“I guess . . . it’s hard to nice to have something recognizable to hold onto,” Phillip offered. In the corner, a taxidermy mouse was preserved forever beneath the paw of a hungry looking coyote. Phillip envied the mouse.

“But don’t you see? That’s the problem! I once put wings on a groundhog. I could put a lizard skin on a chicken frame and make a dinosaur. It takes vision. A willingness to experiment. And a very sharp knife. Few people have all three.”

That’s when Phillip finally noticed the tools in the room. He had been so distracted by the animals, he hadn’t noticed the needles, shears, knives and other sharp implements spread out on the workstation. “Are we still talking about politics?”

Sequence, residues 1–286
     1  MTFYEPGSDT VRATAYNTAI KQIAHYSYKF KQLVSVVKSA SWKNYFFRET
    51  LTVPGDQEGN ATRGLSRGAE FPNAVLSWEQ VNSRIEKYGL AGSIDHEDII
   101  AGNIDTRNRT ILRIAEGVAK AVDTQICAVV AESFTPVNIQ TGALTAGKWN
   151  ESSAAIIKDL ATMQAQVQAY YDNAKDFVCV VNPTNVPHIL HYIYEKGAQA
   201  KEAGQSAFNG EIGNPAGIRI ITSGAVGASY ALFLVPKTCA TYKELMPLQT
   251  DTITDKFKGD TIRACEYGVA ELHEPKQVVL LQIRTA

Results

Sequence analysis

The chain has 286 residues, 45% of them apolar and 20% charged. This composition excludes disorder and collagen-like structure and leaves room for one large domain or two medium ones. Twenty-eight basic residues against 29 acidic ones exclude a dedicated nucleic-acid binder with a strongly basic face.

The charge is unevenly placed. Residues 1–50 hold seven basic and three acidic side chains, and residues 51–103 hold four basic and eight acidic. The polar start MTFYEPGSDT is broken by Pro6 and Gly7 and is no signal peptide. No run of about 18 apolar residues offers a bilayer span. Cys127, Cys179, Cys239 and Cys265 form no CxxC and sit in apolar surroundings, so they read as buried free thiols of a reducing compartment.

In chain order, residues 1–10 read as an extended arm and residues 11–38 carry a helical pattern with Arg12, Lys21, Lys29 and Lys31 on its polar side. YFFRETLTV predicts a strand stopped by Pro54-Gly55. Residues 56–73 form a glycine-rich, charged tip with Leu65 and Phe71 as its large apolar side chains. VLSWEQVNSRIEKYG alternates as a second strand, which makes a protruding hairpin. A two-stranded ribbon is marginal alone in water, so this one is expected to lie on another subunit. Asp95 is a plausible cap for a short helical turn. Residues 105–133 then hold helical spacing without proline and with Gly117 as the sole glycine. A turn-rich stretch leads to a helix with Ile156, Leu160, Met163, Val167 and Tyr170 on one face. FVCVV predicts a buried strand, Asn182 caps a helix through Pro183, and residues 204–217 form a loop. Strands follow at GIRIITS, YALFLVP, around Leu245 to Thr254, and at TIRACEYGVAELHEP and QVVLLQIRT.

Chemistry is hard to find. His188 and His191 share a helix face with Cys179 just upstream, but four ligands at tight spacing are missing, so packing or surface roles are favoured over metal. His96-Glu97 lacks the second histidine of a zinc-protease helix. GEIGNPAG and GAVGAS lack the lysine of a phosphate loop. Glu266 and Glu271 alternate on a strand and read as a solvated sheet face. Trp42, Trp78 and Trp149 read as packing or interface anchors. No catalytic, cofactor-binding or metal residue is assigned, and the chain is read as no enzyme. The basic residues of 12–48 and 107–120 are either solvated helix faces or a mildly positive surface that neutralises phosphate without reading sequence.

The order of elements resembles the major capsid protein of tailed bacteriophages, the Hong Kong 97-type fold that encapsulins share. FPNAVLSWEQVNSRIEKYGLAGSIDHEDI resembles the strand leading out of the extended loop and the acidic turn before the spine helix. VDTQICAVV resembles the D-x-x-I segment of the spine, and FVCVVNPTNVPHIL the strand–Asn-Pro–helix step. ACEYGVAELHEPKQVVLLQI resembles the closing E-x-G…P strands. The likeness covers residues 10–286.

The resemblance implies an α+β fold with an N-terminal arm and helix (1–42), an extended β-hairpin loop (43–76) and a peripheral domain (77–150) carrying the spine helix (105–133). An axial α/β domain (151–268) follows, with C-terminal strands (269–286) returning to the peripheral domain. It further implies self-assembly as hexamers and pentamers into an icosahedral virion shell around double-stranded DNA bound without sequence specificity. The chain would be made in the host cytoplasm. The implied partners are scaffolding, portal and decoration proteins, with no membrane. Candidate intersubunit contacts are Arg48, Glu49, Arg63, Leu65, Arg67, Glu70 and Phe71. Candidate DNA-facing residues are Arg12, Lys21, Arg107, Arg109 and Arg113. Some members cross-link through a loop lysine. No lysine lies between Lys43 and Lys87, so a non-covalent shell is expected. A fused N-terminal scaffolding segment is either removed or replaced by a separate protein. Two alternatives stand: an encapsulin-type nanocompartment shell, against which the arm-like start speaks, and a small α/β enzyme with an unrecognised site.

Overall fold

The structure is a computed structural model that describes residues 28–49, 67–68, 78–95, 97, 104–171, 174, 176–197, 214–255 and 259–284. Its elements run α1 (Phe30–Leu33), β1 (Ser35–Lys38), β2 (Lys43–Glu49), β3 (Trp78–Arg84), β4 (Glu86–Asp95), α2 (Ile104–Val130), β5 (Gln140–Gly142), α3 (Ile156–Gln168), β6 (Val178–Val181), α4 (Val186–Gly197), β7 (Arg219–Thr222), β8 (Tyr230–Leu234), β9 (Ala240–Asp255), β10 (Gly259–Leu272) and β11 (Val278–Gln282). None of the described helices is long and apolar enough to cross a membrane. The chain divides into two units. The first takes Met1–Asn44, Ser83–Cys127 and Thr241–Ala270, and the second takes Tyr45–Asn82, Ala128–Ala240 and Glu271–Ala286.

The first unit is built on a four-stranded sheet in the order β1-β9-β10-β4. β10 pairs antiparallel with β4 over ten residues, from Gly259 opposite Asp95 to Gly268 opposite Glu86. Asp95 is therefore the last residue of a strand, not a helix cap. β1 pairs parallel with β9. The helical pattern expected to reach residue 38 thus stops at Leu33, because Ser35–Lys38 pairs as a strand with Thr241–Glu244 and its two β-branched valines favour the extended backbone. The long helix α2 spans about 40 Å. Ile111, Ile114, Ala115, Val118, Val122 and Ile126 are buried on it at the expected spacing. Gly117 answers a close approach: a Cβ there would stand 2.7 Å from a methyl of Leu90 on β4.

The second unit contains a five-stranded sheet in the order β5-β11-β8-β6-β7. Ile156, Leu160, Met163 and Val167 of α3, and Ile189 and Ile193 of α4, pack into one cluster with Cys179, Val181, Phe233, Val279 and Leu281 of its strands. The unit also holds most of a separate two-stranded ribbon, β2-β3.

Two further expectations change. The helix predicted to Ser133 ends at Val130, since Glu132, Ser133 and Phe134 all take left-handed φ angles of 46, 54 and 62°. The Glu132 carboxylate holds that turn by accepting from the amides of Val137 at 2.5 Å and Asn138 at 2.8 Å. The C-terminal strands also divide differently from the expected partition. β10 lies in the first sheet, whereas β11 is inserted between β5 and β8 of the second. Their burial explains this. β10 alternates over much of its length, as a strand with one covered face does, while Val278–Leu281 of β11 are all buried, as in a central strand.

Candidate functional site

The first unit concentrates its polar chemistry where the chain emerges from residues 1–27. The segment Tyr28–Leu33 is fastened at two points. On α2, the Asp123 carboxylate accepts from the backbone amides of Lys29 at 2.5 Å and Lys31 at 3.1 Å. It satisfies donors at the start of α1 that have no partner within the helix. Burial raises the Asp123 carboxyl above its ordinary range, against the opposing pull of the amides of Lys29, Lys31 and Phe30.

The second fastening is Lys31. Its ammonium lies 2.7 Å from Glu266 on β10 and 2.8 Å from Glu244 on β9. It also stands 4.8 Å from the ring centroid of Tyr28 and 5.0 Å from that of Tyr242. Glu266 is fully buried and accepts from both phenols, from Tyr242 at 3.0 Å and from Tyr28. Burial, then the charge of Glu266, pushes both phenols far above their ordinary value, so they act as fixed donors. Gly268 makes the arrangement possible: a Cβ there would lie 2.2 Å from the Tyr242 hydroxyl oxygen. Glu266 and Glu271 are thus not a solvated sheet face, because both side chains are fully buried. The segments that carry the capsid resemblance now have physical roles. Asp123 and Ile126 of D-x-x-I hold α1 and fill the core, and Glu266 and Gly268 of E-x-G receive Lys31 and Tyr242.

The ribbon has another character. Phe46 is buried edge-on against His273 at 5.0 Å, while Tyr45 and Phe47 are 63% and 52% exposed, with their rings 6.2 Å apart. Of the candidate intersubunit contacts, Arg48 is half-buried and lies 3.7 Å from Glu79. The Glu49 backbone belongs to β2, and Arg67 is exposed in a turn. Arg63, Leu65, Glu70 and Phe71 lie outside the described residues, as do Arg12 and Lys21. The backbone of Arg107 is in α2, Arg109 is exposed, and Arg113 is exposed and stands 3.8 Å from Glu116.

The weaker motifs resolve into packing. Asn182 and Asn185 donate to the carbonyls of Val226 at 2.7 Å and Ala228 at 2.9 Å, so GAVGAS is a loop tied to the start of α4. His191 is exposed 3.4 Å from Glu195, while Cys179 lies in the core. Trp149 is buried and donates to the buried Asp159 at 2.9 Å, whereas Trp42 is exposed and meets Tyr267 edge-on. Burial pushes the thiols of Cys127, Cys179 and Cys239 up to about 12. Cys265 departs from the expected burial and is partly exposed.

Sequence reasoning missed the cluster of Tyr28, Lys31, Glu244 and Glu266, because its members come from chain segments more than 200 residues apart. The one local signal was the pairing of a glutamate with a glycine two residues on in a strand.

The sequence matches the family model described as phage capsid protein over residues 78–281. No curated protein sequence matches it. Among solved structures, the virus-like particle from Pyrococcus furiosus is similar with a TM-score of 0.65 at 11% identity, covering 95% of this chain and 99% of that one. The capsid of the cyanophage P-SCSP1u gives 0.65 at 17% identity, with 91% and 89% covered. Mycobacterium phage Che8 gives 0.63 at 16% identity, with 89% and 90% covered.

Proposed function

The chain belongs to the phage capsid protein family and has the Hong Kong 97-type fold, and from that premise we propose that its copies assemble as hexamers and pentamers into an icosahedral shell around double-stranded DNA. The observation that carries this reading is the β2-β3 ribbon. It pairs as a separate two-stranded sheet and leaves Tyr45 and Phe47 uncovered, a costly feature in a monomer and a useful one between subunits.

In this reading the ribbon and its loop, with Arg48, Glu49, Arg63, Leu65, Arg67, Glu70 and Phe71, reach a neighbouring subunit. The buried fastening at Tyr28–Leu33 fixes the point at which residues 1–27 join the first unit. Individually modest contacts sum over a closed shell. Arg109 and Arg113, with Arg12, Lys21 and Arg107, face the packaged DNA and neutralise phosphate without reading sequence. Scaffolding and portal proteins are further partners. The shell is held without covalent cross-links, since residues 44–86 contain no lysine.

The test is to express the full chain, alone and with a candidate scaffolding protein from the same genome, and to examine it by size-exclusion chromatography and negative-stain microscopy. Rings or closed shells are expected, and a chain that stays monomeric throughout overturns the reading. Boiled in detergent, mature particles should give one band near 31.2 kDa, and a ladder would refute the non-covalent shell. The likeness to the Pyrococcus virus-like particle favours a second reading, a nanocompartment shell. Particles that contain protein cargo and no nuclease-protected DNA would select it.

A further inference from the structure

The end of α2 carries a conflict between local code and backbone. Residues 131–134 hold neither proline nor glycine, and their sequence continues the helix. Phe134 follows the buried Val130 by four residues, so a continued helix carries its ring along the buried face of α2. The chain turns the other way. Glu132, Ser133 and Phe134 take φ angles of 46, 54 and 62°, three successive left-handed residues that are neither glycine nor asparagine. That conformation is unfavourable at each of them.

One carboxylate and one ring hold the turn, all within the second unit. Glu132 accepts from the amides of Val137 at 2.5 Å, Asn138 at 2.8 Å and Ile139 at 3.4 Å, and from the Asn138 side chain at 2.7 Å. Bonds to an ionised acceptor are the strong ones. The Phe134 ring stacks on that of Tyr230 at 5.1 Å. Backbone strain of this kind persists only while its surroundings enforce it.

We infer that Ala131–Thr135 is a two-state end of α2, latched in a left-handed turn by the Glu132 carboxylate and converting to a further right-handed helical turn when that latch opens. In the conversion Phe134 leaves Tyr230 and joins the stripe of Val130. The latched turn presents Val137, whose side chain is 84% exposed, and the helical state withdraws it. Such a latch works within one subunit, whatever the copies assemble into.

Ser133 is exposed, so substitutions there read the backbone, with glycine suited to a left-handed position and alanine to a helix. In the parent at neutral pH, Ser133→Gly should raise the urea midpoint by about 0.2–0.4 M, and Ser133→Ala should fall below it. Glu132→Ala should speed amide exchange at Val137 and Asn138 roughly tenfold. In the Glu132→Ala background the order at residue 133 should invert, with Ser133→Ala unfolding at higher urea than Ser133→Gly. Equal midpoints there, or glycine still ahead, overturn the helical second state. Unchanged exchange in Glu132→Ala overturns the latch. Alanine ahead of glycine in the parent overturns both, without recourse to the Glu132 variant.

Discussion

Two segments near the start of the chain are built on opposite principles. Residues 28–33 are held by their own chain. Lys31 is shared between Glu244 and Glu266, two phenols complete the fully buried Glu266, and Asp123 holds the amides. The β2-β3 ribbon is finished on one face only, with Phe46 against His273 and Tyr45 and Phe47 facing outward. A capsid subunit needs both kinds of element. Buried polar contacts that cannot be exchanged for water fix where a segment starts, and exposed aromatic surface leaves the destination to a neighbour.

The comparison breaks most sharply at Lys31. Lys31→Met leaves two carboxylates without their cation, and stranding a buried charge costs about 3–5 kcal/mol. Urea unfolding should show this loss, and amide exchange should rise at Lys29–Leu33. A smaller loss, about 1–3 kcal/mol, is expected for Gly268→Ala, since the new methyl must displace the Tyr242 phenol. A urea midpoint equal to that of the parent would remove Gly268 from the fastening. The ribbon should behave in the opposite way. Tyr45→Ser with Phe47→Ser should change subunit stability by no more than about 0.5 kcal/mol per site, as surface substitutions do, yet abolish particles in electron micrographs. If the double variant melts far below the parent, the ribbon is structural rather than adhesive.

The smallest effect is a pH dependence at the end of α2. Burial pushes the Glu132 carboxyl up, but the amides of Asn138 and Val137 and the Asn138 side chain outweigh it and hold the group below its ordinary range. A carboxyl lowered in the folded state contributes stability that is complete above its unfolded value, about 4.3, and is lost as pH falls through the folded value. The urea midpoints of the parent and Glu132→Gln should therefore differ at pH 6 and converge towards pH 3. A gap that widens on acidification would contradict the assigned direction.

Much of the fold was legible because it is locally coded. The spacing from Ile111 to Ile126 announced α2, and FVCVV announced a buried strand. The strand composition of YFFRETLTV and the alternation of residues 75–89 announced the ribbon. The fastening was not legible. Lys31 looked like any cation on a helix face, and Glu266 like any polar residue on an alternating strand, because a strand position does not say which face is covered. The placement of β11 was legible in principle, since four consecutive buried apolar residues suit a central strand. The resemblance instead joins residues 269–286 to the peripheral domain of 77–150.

“Your eye’s twitching, Philllip.”

“I’m very uncomfortable, sir.”

Isaac nodded. “Arrangement of skin,” he declared. “That’s the literal meaning of taxidermy. Putting it like that, we’re all taxidermy. Keep that in mind, and you might be worthy to date Liza.

* * *

Story by Gregory M. Fox


“Wait,” she said, panting, “stop for a second.”

“Huh, wha—” he said, growing still above her. “What’s wrong?”

“Is that . . .”

“I know,” he said bashfully. “I was trying something I read—”

“Not you,” she said. “Quiet.” Then after a moment’s consideration, she whispered, “but you should definitely keep going with that in a minute.”

“Okay, great!” he whispered back. “But then why—”


She paused a moment longer, then nodded confidently. “It’s definitely a goat.”

He looked beneath the sheets, “It’s a . . . I don’t . . .”

“Just listen.”